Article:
Personas are a challenging topic. The connected flower-child type marketers love to relate to their visitors in a personal way, but personas turn human insights into strategies and tactics. This feels manipulative to them, and they quickly return to their propaganda-like slogans: “We love our customers.”
Zombie-eyed analyst types generally can’t be bothered with personas. “The answers are in the data,” they say, in the same tone that Gollum used when referring to his “precious.”
Personas are, well, personal to every business. You can’t cheat off of anyone else’s paper when putting them together. Whether you’re going to spend 30 minutes dashing off what you know about your online visitors or invest in a full workup to hack your company’s intelligence, you have to do the work. You can’t borrow from someone else’s case study.
There is one exception, and this visitor may be on your site as you read this.
I’m going to use a persona to help you relate to Googlebot. All of the components are here.
Note: I’m sure those of you experienced in SEO could add to this persona. Please do so in the comments.
Education: Ph.D. in Kindergarten
Gender: Male. Definitely male.
While Googlebot is one of the most pervasive presences on the Internet, little is known about him. It is widely believed that he has an undiagnosed combination of savant syndrome and autistic disorder.
This condition is marked by super-human analytical powers combined with an inability to connect basic concepts or understand simple social norms. Googlebot does not have a sense of humor.
Another reason for this diagnosis is Googlebot’s amazing but selective memory. Googlebot has an unwavering fascination with words and an uncanny ability to remember the links that connect the Internet’s far flung pages.
It is widely believed that Googlebot is also good at counting large sums of money.
Googlebot can identify and recall a seemingly unlimited number of images and videos, but has no understanding of their meaning.
Mode Of Persuasion: Methodical
Googlebot analyzes information slowly and logically. Methodical visitors need lots of detailed information.
These are Googlebot’s needs in his own words:
I’m an excellent surfer. I come to your site on Tuesday… definitely Tuesday afternoon. I read your pages. I see your words. That tells me everything about you. You use some words over and over and I can tell what you talk about. Of course there are the meta tags. Descriptions, descriptions are good; and the page title. Headings have words and I like to count the words in headings and see if they are in other places on your site too.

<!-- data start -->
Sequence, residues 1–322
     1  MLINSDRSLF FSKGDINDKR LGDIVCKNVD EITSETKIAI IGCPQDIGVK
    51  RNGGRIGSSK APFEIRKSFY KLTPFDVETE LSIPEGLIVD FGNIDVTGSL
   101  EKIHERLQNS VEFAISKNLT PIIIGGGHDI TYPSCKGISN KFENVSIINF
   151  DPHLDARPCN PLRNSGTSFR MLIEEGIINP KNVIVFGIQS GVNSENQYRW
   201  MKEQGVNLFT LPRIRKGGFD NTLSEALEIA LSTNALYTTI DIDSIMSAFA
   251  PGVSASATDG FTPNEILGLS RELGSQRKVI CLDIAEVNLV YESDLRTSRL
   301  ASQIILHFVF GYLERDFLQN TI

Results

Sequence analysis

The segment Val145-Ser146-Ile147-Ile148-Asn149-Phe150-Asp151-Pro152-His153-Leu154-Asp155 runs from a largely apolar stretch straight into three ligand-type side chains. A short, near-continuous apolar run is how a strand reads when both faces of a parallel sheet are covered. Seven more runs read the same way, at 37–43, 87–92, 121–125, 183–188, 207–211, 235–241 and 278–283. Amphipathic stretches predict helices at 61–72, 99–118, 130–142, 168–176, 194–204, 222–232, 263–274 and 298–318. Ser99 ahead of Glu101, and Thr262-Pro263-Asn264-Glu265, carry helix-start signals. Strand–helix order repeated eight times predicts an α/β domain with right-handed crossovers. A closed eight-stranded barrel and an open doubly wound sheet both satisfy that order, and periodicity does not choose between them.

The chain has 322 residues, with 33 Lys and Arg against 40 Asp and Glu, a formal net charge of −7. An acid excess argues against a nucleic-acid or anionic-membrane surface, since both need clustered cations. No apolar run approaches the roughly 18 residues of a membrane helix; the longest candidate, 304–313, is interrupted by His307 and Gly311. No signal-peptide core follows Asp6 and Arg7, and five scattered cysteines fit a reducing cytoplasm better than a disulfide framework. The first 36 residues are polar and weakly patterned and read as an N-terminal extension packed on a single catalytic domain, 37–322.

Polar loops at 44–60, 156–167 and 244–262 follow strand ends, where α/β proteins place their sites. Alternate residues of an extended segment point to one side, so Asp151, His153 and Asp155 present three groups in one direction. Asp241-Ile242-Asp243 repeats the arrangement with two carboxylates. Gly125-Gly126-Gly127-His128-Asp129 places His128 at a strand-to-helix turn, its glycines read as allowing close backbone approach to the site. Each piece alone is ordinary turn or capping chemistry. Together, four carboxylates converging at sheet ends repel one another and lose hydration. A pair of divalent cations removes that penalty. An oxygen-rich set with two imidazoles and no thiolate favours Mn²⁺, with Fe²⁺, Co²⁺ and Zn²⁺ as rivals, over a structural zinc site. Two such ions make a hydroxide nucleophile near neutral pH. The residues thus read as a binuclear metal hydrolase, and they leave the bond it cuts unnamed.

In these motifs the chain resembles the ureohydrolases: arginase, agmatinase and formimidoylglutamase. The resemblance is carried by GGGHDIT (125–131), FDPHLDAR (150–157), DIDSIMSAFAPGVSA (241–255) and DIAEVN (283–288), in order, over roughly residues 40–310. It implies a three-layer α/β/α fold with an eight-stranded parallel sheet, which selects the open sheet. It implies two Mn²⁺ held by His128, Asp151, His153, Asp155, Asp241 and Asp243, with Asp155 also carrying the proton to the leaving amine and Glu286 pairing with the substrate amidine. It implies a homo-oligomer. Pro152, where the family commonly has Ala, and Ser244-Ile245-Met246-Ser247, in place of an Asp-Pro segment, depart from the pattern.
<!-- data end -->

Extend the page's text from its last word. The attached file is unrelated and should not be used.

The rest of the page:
Links. I like links, definitely. Link text has words and I like to compare them, compare them to the other words in the other places. The link text words tell me about the place they link to. Must … resist … urge … to … follow … until … done … here.
Of course, you have links back to your site, 497 links — definitely 497 – and the words on those links – they call it anchor text, but anchors are on ships and ships float on water and I don’t see many sites about ships and water — and I can compare those link words to the words in the other places on your site.
I’m an excellent surfer, you know.
Uh-oh. Your site doesn’t change much. 99.93% of text is the same as last time I visited, 99.93%, defnitely 99.93.
Uh-oh. Images. Video. Strange blobs of pixels. Of course, I can’t see them, but sometimes they have words, alt text words and then I know everything about them and I can compare those words to the other words on the site.
Sometimes people try to trick me with invisible text or wrong keywords meta tags or funny links from sites with very different words, and then I stop visiting and stop counting words and stop tracking links and then the site disappears since I don’t like lying liars.
Of course, I’m an excellent surfer.
Questions To Be Answered
What questions Googlebot is trying to answer on your site.
- Which pages to index (sitemap.xml)
- Which pages to skip (robots.txt)
- Primary domain (canonical info)
- Words that define each page site (title tag, description meta tag, keyword meta tag)
- Words that readers can see: Heading tags, body copy
- Words that readers cannot see: Image alt text and title text
- Links to other sites
- Links from other sites telling Googlebot what the site is about
Calls To Action
This is how we ask Googlebot to take action. For Googlebot, a “conversion” can be defined as getting a page on our site indexed in the Google database.
Sitemap.xml tells Googlebot which pages to index and how to prioritize them.
Internal links with keywords in the anchor text helps Googlebot find pages and associate words with those pages.
- Do not attempt to sell Googlebot anything or invite him to join your email list.
- Change content frequently. Googlebot loves blogs.
- Don’t attempt to contact Googlebot or Google support.
- Use video. Googlebot seems to like video, even though he can’t understand it.
- Create content that makes other sites link to you.
- Link to sites that have words similar to yours.
- Put transcripts of videos on the page.
Is All Of This Necessary?
While it may seem unnecessary to experienced SEOs to have a persona for Googlebot, think of the copywriters who must write for the site, but don’t have SEO experience. Think of the designers that may not understand the search implications of their media choices. Think of the executives who don’t understand why they should invest in SEO.
All of these people will gain a better understanding of Googlebot and the challenges we face when designing a site for him (or her).
Now think about the human visitors to the site. How would a few personas help everyone communicate with real people?
As it turns out, personas help a lot.
Opinions expressed in the article are those of the guest author and not necessarily Search Engine Land.